Hanged, drawn and quartered
To be hanged and quartered was from 1352 a statutory penalty in England for men convicted of high treason, although the ritual was first recorded during the reign of King Henry III. A convicted traitor was fastened to a hurdle, or wooden panel, drawn by horse to the place of execution, where he was hanged, disembowelled and quartered; the traitor's remains were displayed in prominent places across the country, such as London Bridge. For reasons of public decency, women convicted of high treason were instead burned at the stake; the severity of the sentence was measured against the seriousness of the crime. As an attack on the monarch's authority, high treason was considered a deplorable act demanding the most extreme form of punishment. Although some convicts had their sentences modified and suffered a less ignominious end, over a period of several hundred years many men found guilty of high treason were subjected to the law's ultimate sanction, they included many English Catholic priests executed during the Elizabethan era, several of the regicides involved in the 1649 execution of Charles I.
Although the Act of Parliament defining high treason remains on the United Kingdom's statute books, during a long period of 19th-century legal reform the sentence of hanging and quartering was changed to drawing, hanging until dead, posthumous beheading and quartering, before being abolished in England in 1870. The death penalty for treason was abolished in 1998. During the High Middle Ages those in England guilty of treason were punished in a variety of ways, including drawing and hanging. In the 13th century other, more brutal penalties were introduced, such as disembowelling, burning and quartering; the 13th-century English chronicler Matthew Paris described how in 1238 "a certain man at arms, a man of some education" attempted to kill King Henry III. His account records in gruesome detail how the would-be assassin was executed: "dragged asunder beheaded, his body divided into three parts, he was sent by William de Marisco, an outlaw who some years earlier had killed a man under royal protection before fleeing to Lundy Island.
De Marisco was captured in 1242 and on Henry's order dragged from Westminster to the Tower of London to be executed. There he was hanged from a gibbet until dead, his corpse was disembowelled, his entrails burned, his body quartered and the parts distributed to cities across the country. The punishment is more recorded during Edward I's reign; the Welsh Prince Dafydd ap Gruffydd became the first nobleman in England and Wales to be hanged and quartered after he turned against the king and proclaimed himself Prince of Wales and Lord of Snowdon. Dafydd's rebellion infuriated Edward so much. Therefore, following his capture and trial in 1283, for his betrayal he was drawn by horse to his place of execution. For killing English nobles he was hanged alive. For killing those nobles at Easter he was eviscerated and his entrails burned. For conspiring to kill the king in various parts of the realm, his body was quartered and the parts sent across the country. A similar fate was suffered by the Scottish leader Sir William Wallace.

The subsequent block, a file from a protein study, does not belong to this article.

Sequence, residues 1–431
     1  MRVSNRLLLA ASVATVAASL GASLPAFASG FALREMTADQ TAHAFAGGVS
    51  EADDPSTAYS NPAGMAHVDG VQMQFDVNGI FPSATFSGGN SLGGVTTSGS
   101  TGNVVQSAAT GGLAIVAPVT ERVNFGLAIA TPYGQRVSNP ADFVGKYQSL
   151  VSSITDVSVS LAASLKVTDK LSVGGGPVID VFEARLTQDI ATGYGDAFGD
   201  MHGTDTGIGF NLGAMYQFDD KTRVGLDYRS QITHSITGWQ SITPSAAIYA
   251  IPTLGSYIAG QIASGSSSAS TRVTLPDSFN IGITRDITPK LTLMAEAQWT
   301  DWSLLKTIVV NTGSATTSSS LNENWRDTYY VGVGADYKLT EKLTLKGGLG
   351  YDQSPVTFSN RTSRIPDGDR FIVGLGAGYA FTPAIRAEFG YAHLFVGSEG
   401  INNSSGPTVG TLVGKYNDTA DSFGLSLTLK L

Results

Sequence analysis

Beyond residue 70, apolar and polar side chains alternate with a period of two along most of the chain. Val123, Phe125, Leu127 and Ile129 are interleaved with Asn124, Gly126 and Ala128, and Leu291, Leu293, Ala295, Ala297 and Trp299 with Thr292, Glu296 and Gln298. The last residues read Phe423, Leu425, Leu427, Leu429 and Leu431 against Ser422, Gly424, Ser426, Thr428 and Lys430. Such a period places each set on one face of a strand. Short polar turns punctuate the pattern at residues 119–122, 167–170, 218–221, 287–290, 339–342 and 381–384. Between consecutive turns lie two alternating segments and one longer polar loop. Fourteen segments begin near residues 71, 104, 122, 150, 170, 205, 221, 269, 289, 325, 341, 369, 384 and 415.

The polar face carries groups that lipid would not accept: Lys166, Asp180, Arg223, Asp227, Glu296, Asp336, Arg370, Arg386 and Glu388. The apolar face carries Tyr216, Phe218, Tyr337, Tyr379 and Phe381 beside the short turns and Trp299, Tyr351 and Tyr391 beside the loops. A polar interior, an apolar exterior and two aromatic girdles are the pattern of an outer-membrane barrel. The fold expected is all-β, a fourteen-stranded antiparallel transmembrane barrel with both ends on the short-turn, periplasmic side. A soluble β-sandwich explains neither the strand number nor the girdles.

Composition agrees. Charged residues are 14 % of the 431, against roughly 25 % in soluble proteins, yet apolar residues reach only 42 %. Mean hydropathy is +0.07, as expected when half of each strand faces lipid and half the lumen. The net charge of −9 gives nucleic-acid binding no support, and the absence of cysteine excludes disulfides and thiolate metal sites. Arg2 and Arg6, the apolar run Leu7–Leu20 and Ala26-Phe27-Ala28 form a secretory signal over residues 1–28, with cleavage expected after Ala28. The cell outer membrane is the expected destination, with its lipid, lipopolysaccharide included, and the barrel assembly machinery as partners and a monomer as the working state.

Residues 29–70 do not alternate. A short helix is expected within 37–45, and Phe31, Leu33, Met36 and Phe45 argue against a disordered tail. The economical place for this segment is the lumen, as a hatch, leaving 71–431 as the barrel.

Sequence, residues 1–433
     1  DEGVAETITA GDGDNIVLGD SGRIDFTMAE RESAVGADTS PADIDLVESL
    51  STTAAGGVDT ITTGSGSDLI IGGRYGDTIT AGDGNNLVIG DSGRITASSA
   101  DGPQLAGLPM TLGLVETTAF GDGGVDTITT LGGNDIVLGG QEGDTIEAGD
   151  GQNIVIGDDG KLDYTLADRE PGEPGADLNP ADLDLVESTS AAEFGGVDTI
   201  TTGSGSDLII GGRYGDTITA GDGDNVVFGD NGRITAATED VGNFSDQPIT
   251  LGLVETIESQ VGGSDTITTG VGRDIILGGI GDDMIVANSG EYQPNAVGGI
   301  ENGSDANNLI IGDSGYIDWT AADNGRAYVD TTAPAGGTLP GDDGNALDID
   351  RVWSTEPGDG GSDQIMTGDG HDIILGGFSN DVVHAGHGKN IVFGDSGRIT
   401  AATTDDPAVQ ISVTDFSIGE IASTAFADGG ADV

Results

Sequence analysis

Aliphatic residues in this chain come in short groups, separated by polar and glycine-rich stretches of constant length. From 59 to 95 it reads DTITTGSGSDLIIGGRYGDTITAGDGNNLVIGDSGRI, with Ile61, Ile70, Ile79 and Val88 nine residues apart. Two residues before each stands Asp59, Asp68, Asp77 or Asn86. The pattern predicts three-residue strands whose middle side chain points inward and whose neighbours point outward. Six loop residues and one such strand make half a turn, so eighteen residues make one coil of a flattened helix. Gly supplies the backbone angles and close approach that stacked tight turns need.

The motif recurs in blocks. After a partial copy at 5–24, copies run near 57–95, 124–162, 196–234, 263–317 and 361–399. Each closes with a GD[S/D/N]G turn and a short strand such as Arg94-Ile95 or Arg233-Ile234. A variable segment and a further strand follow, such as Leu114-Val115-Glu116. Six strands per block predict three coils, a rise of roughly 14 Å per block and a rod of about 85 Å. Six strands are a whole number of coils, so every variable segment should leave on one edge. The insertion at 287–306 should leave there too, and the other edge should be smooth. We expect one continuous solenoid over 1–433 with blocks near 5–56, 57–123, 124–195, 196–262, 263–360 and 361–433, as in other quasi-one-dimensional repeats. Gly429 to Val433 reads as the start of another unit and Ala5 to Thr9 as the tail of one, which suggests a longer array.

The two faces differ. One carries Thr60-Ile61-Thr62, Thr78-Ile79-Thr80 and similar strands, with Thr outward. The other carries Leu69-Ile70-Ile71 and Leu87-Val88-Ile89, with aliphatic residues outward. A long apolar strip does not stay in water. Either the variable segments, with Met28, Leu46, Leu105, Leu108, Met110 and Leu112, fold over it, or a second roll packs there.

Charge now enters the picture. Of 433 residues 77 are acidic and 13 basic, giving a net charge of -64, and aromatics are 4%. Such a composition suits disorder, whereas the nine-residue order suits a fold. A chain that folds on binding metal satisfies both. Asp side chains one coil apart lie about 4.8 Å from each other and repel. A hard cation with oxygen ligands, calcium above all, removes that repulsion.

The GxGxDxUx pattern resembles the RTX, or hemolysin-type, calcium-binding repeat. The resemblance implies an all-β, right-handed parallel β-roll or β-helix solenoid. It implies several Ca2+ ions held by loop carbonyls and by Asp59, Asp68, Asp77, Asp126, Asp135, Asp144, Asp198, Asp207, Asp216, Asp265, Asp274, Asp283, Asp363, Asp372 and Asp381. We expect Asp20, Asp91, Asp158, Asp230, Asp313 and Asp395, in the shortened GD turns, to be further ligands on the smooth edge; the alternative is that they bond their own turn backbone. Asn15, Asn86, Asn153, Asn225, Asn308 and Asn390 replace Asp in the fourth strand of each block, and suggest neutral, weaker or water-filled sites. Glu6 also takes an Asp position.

Captured and tried in 1305, he was forced to wear a crown of laurel leaves and was drawn to Smithfield, where he was hanged and beheaded. His entrails were burned and his corpse quartered, his head was set on London Bridge and the quarters sent to Newcastle, Berwick and Perth. These and other executions, such as those of Andrew Harclay, 1st Earl of Carlisle, Hugh Despenser the Younger, which each occurred during King Edward II's reign, happened when acts of treason in England, their punishments, were not defined in common law. Treason was based on an allegiance to the sovereign from all subjects aged 14 or over and it remained for the king and his judges to determine whether that allegiance had been broken. Edward III's justices had offered somewhat over-zealous interpretations of what activities constituted treason, "calling felonies treasons and afforcing indictments by talk of accroachment of the royal power", prompting parliamentary demands to clarify the law. Edward therefore introduced the Treason Act 1351.
It was enacted at a time in English history when a monarch's right to rule was indisputable and was therefore written principally to protect the throne and sovereign. The new law offered a narrower definition of treason than had existed before and split the old feudal offence into two classes. Petty treason referred to the killing of a master by his servant, a husband by his wife, or a prelate by his clergyman. Men guilty of petty treason were hanged, whereas women were burned. High treason was the most egregious offence. Attempts to undermine the king's authority were viewed with as much seriousness as if the accused had attacked him which itself would be an assault on his status as sovereign and a direct threat to his right to govern; as this might undermine the state, retribution was considered an absolute necessity and the crime deserving of the ultimate punishment. The practical difference between the two offences therefore was in the consequence of being convicted; the Act declared that a person ha
Duke of Manchester
Duke of Manchester is a title in the Peerage of Great Britain, the current senior title of the Noble House of Montagu. It was created in 1719 for 4th Earl of Manchester, their ancestor was Richard Ladde, grandfather of the Lord Chief Justice Sir Edward, who changed his name to Montagu around 1447. His descendants claimed a connection with the older house of Montagu or Montacute, Barons Montagu or Montacute and Earls of Salisbury, but there is no sound evidence that the two families were related. A case has been made out for the possibility that the Ladde alias came from a division among coheirs about 1420 of the remaining small inheritance of a line of Montagus at Spratton and Little Creton in Northamptonshire; the judge Sir Edward Montagu's grandson, Edward Montagu, was raised to the peerage as 1st Baron Montagu of Boughton. He is the ancestor of the Dukes of Montagu, his brother, Sir Henry Montagu, who served as Lord Chief Justice as well as Lord High Treasurer and Lord Privy Seal, was in 1620 raised to the Peerage of England as Viscount Mandeville, with the additional title Baron Montagu of Kimbolton, of Kimbolton in the County of Huntingdon.